The airline said Thursday that it will add 24 routes later this year and it plans to put some parked planes back into operation to fly to those new destinations.
These new flights will be in regions where the company anticipates an uptick in leisure travel. Unlike its bigger rivals, JetBlue tends to stick to closer to home - focusing mostly on domestic flights and travel to parts of the Caribbean.
In June, in announced a partnership with American Airlines in order to boost flying options out of its two main hubs: New York and Boston.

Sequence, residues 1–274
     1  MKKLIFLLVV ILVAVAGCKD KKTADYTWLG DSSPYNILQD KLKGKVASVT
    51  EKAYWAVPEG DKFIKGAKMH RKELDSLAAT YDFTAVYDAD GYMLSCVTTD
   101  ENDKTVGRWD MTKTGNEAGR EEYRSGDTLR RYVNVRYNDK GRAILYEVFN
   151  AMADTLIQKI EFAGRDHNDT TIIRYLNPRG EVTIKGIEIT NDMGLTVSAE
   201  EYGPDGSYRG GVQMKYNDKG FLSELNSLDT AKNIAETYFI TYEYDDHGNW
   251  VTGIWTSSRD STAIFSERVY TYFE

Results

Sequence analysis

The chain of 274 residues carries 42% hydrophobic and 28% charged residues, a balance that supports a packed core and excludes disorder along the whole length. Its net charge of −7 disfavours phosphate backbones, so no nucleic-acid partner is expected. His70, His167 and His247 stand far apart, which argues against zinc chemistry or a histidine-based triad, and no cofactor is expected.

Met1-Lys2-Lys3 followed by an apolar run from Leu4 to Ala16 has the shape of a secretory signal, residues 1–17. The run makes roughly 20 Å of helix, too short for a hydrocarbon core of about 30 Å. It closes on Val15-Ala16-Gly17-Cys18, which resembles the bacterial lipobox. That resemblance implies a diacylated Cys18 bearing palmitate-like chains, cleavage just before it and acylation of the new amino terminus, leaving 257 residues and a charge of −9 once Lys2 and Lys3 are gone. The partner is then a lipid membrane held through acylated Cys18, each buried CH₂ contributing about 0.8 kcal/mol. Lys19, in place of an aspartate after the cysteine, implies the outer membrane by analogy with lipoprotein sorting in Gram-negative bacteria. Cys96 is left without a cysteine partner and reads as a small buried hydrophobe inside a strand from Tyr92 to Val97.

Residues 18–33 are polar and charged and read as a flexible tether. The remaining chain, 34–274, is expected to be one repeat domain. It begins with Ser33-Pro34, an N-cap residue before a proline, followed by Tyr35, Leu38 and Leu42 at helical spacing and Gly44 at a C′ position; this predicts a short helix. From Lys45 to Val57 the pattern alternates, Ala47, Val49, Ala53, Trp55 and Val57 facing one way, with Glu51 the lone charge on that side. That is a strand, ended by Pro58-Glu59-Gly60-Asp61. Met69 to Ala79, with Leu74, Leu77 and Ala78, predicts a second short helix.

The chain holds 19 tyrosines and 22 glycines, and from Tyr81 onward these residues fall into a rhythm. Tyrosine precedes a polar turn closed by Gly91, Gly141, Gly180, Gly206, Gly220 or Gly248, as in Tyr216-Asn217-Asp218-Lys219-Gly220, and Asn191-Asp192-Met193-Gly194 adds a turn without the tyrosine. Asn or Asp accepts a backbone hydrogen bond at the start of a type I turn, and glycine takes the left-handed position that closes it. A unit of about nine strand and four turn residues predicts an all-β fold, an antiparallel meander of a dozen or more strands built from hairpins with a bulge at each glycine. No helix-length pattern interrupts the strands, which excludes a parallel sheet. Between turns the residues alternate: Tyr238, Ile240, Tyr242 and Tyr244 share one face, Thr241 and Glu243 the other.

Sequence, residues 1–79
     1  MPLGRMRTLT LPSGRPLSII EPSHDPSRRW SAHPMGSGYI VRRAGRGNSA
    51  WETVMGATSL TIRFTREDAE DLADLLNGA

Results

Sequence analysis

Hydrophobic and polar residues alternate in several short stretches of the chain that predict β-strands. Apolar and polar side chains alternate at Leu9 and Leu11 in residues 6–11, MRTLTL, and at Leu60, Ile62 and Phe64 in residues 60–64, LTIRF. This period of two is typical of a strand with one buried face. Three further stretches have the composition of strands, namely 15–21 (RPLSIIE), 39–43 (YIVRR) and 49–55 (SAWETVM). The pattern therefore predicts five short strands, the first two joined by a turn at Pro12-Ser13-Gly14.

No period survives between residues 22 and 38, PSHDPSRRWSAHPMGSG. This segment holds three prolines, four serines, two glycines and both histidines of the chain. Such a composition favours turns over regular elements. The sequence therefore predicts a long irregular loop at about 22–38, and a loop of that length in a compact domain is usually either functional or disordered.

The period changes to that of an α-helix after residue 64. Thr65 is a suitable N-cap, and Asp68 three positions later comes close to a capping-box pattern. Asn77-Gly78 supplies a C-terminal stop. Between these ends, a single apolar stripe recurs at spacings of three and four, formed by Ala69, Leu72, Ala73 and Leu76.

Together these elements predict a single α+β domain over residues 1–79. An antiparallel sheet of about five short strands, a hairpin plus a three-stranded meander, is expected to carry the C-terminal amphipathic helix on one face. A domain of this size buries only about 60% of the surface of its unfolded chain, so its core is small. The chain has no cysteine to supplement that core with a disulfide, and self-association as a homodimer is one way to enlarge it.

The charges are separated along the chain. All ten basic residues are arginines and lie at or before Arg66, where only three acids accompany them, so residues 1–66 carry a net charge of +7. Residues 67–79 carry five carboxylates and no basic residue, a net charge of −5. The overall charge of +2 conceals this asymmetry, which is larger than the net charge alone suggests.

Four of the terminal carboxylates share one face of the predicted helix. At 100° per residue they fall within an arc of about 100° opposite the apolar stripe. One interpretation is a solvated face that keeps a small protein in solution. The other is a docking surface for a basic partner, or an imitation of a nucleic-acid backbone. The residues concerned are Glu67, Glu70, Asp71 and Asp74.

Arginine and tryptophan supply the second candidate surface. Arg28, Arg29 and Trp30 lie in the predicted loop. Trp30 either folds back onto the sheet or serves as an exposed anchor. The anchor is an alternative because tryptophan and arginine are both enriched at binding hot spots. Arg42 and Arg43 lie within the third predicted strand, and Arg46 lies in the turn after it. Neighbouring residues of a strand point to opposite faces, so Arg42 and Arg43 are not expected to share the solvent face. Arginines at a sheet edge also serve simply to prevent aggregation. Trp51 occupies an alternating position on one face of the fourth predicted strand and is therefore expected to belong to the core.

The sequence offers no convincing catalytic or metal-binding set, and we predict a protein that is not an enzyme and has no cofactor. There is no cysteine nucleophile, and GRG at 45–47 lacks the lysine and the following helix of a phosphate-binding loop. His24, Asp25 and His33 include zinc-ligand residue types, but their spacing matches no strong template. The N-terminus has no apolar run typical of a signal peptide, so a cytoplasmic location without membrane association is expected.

Bigger rivals - Delta, United and American - are trying to right-size their hobbled businesses with plans to lay off or furlough tens of thousands of employees starting October 1st. The Big Three also scrapped ticket-change fees in an attempt to lure customers back.
JetBlue isn't immune from the ills facing the industry. It expects capacity in the third quarter to be down at least 45 percent compared to the same time last year. And JetBlue predicts it will burn through up to $9 million a day as it keeps flying, with its planes less-than full.